A slow death
Democracy in Canada is dying. While countries around the world wage revolution so they can have a democracy as found in Canada, we let ours slip away slowly.
Many issues contribute to this phenomenon, for example, the proroguing of parliament and legislatures across Canada. Two recent examples are Christy Clark, Premier of British Colombia, canceling the fall session of the legislature and opting to campaign instead, and former Ontario premier Dalton McGuinty proroguing the Ontario legislature and stepping down in the midst of a gas-plants controversy and an economically weak Ontario receiving equalization payments for the first time in equalization payment history.
Clark’s canceling of this fall’s session flies in the face of Canadian democratic values. The upcoming election should not be the reason to cancel the sitting, but rather be the reason for it. Here the opposition performs its valuable role critiquing the government and its policies, while the government would formulate and defend those policies, both sides representing the people of B.C, and therefore completing their democratic role. Clark doesn’t see it like this.
As ugly as these politics seem, question period and such, they are democracy’s linchpin. They give the opposition the chance to speak and represent the population that voted for them and therefore, when leaders prorogue parliament, they are choosing to stifle the democratic rights of a certain percentage of the electorate.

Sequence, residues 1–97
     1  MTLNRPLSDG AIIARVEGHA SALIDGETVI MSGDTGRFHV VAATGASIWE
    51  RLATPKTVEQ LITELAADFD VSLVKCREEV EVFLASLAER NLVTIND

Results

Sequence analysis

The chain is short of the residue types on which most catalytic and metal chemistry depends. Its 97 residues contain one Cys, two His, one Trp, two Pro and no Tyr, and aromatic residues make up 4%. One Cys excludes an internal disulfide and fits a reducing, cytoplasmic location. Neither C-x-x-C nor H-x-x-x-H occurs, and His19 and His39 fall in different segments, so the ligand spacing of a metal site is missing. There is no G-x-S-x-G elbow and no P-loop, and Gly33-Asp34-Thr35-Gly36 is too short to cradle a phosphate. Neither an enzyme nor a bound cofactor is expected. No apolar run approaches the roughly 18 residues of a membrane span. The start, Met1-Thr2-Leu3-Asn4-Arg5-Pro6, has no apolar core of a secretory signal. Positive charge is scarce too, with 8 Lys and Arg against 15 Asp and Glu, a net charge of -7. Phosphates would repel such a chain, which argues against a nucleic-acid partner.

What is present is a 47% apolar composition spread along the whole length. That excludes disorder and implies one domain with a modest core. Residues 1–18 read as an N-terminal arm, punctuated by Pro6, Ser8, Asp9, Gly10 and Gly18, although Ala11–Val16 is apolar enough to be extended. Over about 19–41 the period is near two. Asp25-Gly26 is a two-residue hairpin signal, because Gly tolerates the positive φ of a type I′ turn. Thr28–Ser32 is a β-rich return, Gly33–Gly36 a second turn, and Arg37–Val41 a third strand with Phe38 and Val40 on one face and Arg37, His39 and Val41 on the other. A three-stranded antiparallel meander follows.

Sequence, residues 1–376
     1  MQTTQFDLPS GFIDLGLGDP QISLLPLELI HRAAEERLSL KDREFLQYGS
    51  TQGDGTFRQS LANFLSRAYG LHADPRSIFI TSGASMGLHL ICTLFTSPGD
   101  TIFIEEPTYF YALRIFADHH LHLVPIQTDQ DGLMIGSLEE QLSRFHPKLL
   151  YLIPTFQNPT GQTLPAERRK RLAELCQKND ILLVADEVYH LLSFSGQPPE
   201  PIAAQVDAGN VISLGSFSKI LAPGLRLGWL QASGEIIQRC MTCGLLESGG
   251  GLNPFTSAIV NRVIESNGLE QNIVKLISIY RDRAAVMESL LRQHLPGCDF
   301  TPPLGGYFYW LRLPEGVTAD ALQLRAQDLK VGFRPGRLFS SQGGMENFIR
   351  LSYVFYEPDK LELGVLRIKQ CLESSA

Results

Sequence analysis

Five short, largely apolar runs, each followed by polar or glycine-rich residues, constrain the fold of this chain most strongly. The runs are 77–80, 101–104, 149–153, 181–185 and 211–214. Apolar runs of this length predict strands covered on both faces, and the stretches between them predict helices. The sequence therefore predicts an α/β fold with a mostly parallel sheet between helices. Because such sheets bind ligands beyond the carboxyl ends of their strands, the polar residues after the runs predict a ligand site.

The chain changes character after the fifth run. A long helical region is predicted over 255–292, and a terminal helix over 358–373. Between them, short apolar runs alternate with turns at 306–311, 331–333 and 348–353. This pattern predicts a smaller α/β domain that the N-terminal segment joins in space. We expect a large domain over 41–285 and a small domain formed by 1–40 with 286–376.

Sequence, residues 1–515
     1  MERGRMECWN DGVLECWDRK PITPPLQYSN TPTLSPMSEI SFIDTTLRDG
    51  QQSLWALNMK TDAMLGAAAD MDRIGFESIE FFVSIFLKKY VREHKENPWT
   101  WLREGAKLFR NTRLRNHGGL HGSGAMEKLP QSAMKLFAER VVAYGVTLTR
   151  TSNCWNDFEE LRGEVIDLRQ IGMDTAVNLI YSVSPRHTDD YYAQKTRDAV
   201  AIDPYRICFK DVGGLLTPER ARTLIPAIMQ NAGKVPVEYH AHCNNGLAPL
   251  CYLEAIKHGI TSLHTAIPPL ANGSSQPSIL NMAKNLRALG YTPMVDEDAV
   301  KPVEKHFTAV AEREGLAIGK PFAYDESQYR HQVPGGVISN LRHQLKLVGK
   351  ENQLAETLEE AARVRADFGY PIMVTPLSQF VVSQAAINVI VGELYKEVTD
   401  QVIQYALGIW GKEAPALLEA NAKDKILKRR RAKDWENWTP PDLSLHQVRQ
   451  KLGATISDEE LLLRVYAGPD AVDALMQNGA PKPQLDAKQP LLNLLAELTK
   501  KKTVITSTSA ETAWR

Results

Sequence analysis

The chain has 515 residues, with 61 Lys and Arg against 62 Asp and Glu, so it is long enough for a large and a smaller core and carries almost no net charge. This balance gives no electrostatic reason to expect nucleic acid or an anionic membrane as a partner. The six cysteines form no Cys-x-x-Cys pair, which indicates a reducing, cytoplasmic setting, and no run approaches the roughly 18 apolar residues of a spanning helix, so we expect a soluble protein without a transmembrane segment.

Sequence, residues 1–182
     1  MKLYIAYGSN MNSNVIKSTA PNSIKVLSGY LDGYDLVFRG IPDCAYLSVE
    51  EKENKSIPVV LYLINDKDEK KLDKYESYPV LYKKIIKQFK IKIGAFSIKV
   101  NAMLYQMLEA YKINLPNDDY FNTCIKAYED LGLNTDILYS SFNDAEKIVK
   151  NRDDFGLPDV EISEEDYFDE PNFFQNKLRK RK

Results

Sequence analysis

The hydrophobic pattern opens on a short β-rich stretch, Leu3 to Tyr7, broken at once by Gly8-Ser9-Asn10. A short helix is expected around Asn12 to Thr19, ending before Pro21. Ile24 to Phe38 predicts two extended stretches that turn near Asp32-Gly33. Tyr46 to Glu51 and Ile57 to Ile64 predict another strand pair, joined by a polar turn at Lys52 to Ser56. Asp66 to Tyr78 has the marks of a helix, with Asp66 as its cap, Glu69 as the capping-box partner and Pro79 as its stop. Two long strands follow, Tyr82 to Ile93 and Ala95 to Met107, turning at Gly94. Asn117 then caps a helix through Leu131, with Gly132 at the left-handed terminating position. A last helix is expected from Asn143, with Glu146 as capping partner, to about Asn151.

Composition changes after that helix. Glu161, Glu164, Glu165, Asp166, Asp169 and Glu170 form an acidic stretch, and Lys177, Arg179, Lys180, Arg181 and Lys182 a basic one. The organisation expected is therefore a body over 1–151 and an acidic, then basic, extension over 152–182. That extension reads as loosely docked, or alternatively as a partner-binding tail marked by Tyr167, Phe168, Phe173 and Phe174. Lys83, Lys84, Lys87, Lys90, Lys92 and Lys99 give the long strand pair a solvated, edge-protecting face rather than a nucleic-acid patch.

Premiers that do this forget two critical things: that they are responsible to the legislature, and that they are not just the Premier for those who voted for them, but for the entire province.
But these are just two examples within provinces, so how is democracy in Canada dying as a whole?
Firstly, the tactic of omnibus legislation smothers democracy. Supporters claim it is more efficient, because hey, since they have a “majority” anyway, why don’t they just pass a bunch of bills at once, instead of going through the drawn out, pedantic democratic bill passing process so many times? This is undemocratic because every bill is supposed to be debated, even in a majority situation, because this lets the opposition voice the opinion of Canadians who did not vote for the government. Furthermore, the Conservatives could use this type of bill for political advantage later, saying that another party voted against “this idea,” found in an overloaded omnibus bill. This fallacious argument is reminiscent of Vic Toews’ famous “he can either stand with us or with the child pornographers” rhetoric.
Secondly, our electoral system allows for a government to form a majority with only a plurality of the votes. Of the 61.1 per cent of Canadians that voted in 2011, Harper only won 39.62 per cent of their votes, which means that overall fewer than 39.62 per cent of Canadians elected this government. Yet this Conservative party controls the House of Commons with a majority.
Thus, these signs foretell that our democracy is slowly dying, and due to one critical fact: politicians derive their mandate from the people, and if the people don’t care, if they don’t participate, and if they aren’t vigilant of their governments, then politicians will naturally push the threshold as far as they can.
The fate of Canadian democracy does not lay in the hands of the politicians, but instead the people. If every Canadian demanded that government be more transparent, for example, then they would be. For what the people demand, parties try to cater to, to win votes, but as long as Canadians remain in the chains of apathy, then they allow democracy to suffocate.
Photo courtesy Emily Wright/Arthur Ward